The latest in the battle over Internet sales tax: the U.S. Supreme Court denied Amazon’s request for a ruling on New York’s online sales tax law.
Will this change the way online commerce works?
The Empire State and the online retail giant have been trading blows over a 2008 law requiring companies to collect sales tax if they make a certain amount of sales via New York affiliates. When the New York Court of Appeals upheld the law earlier this year, both Amazon and Overstock.com took appeals to the Supreme Court on the grounds that the law was unconstitutional. However, today the Court refused to hear the cases without comment.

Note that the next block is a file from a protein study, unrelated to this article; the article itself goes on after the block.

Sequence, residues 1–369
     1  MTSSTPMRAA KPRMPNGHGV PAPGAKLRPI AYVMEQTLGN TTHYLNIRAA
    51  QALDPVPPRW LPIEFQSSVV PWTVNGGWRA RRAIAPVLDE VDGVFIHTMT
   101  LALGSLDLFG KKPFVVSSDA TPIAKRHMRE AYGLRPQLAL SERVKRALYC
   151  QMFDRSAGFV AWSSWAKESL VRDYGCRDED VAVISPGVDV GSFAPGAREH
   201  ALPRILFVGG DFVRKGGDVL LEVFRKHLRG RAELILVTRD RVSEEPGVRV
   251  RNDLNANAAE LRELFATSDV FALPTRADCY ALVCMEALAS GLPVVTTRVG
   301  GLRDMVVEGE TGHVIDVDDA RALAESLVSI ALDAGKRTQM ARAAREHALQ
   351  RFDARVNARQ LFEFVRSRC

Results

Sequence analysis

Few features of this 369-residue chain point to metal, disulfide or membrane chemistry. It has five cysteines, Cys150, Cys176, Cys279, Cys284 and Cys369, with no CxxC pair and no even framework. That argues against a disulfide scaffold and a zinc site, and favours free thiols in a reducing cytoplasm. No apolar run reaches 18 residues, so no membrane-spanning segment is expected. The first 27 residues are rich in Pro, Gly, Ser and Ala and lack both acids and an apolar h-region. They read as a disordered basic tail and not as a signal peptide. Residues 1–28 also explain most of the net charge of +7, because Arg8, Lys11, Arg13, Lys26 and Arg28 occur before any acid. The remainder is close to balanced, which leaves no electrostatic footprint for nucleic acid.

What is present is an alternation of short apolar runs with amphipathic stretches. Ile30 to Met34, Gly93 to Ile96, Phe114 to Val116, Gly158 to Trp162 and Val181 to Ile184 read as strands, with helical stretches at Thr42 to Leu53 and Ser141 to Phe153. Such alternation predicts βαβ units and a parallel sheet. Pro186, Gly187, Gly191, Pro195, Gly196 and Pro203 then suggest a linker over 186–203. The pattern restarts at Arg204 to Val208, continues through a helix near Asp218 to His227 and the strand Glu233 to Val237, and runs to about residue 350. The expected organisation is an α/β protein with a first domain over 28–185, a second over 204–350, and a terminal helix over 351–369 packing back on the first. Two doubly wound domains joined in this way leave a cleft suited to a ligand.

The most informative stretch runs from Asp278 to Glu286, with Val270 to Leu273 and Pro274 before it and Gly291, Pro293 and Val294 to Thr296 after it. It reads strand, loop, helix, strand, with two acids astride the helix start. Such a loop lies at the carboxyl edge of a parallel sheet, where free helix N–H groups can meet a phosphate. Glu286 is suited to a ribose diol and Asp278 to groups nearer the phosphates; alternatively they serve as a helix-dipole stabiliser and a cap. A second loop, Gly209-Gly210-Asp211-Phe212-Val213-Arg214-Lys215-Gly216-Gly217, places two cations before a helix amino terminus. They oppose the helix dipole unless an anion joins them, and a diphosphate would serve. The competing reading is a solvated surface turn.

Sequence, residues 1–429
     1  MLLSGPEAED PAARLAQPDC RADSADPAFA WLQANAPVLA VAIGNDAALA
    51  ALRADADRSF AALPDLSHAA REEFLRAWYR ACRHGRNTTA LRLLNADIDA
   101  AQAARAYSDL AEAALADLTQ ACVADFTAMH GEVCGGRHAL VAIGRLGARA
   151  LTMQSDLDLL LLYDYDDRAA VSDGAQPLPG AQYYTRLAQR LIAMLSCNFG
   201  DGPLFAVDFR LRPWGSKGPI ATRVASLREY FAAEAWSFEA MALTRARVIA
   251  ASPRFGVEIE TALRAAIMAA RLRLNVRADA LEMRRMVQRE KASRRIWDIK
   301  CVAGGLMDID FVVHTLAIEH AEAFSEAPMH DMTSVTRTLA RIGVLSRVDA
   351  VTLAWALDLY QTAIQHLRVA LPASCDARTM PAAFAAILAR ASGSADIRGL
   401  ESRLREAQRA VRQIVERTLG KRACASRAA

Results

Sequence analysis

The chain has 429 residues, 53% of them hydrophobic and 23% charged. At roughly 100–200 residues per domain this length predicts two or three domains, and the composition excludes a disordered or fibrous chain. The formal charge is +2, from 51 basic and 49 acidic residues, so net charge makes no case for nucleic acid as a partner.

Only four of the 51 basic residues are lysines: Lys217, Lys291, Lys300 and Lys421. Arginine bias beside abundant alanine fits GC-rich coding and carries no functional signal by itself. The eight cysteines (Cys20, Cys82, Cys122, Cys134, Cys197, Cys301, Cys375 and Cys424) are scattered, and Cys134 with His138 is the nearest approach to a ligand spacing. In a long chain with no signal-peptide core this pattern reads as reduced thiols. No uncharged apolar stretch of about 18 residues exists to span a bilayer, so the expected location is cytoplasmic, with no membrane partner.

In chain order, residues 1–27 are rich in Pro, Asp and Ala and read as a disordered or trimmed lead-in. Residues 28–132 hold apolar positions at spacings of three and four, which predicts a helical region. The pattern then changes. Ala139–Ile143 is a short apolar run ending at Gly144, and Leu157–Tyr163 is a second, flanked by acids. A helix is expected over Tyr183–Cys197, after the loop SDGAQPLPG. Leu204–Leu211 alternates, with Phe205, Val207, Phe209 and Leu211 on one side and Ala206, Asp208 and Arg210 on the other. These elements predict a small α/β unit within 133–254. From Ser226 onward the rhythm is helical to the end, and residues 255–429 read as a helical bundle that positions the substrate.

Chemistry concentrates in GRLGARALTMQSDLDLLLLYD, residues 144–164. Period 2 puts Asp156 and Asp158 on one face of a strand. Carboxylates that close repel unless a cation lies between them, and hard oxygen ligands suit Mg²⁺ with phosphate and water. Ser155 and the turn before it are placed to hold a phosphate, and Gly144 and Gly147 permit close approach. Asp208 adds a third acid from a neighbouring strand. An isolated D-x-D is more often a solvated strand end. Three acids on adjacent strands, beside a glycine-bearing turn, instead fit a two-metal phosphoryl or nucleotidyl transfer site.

The law now stands, for all practical purposes, unless New York decides to change it.
In the past, Internet retailers have generally not had to collect sales tax in a state where they lacked physical presence. Laws like the one passed in New York are changing this, since it gives a sales tax obligation to companies based on affiliate relations rather than physical presence.
It remains to be seen whether or not this trend will continue. Meanwhile, Amazon also supports federal legislation that would grant states the right to require businesses to collect sales tax, regardless of physical presence.